Flax Facts

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Healthy Foods
Flax Facts

By: Leanne Ely

Flax is one of those foods that’s extremely good for us but many folks simply aren’t using it properly.

This magical plant was cultivated in Babylon in 3,000 BC. Clothing made with flax fibers have been found in early burial chambers. Hippocrates once wrote about using flax to relieve pain in the abdomen. And would you believe that Charlemagne once considered flax to be so important that he made laws requiring his subjects to consume it?
Most of us know flax as a little brown seed chock full of fiber, nutrients and omega 3 fatty acids. Flax seeds are also a very rich source of lignans which are little compounds proven to protect against colon and breast cancer by inhibiting tumor formation.
I hope you’re not buying your flax already ground. If not, I forgive you! It’s an honest mistake. 🙂 But flax goes rancid very quickly; so don’t buy the actual oil (it’s extremely unstable) and don’t buy the seeds already ground. Buy the seeds (organic and non-GMO please!) and grind them yourself. (FYI, eating the seeds whole isn’t effective because they pass right through your system without you getting any of the real benefits from them if you know what I mean! lol)
A simple coffee grinder does the trick (you can buy one for under 20 bucks at a big box store). Grind a small amount of flax seeds at a time and only grind what you need.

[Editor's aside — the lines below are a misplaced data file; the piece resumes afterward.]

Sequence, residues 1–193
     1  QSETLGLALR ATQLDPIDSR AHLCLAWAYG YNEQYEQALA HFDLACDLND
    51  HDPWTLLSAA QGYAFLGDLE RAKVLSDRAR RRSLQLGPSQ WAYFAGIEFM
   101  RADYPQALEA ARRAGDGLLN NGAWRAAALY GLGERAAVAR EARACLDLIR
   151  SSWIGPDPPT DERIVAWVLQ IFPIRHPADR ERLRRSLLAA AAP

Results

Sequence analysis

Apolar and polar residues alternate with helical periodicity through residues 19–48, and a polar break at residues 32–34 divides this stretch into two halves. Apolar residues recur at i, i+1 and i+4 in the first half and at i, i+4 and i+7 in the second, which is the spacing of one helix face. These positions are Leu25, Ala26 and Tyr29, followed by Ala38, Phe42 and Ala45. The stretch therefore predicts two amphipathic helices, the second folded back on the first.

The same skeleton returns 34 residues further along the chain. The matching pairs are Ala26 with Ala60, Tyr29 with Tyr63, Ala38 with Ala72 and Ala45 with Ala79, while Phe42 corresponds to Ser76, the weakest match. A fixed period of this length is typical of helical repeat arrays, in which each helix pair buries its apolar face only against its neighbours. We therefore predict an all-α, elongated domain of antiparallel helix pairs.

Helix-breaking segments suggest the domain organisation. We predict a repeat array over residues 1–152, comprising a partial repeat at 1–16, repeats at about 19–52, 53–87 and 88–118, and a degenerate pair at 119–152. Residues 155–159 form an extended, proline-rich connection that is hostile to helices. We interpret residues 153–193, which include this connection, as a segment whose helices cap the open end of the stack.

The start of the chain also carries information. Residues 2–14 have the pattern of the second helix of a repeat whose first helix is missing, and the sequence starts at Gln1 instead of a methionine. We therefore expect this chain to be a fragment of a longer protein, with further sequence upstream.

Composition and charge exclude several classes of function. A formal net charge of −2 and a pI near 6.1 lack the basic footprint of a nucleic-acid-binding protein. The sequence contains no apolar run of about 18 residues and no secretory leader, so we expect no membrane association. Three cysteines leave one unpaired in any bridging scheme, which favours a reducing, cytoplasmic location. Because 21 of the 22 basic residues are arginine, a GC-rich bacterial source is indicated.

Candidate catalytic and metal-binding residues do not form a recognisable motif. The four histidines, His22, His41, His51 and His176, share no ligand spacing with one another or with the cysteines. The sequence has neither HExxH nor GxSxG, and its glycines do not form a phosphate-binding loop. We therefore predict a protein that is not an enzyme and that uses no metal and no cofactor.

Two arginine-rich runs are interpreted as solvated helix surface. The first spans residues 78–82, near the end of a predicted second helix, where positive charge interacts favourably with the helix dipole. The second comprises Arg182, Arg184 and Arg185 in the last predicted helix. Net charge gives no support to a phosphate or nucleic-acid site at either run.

You can add flax to everything. A couple spoonfuls of this healthy fat every day will help your body rid itself of stored fat (very cool benefit) and it will keep you regular, too! That is a definite contribution to your overall health, don’t you think?
Flax also lends a nice nutty taste to muffins, pancakes and other baked goods. Put it in your oatmeal and sprinkle it on your fruit and yogurt. You can even toss some into your smoothies!
Just remember not to go overboard on the flax or you might be making more trips to the restroom than you’d like! Don’t say I didn’t warn you!
How do you like your flax? http://www.facebook.com/savingdinner

0 Responses

  1. For nursing moms, Flax is also a galactagogue so it increases milk supply.  You typically find it in the ingredient list for lacation cookies 🙂

  2. Can you store your flax seed bag in the freezer to extend the life, just measuring out what you need and placing it back?

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